The oxidation state of chromium in contaminated soils is an important indicator of toxicity and potential mobility. Chromium in the hexavalent state is highly toxic and soluble, whereas the trivalent state is much less toxic and relatively insoluble. A laboratory study investigated the impact of growing plants and supplemental organic matter on chromium transport in soil. Plants alone had no appreciable effect on the chromium oxidation state in soil. Soil columns with higher organic content were associated with lower ratios of chromate:total chromium than the columns with lower organic matter. Analyses of column leachate, plant biomass, and soil indicate that more chromium leaching occurred in the vegetated, low organic columns. Retention of Cr in the soils was correlated to the Cr(III) content. Plant uptake of chromium accounted for less than 1% of the chromium removed from the soil. Overall, the addition of organic matter had the strongest influence on chromium mobility.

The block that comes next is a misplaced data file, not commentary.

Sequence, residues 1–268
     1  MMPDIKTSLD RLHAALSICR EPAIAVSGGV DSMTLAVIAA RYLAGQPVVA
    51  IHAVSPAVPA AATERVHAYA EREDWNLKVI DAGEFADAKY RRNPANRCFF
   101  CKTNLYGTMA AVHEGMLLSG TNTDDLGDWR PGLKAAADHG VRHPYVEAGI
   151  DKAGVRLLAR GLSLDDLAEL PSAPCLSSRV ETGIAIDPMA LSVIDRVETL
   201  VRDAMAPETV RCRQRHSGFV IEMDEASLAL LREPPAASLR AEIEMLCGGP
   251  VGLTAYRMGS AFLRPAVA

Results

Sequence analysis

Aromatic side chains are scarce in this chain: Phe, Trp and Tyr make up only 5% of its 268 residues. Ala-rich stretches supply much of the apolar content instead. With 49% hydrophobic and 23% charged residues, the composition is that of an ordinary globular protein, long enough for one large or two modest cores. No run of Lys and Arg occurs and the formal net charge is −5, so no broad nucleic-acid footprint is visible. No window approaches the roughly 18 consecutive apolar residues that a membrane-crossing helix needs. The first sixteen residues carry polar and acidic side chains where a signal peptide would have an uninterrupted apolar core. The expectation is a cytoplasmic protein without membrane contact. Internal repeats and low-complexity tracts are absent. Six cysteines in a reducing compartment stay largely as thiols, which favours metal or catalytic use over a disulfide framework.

- Heavy metals
ASJC Scopus subject areas
- Environmental Engineering
- Environmental Chemistry
- Health, Toxicology and Mutagenesis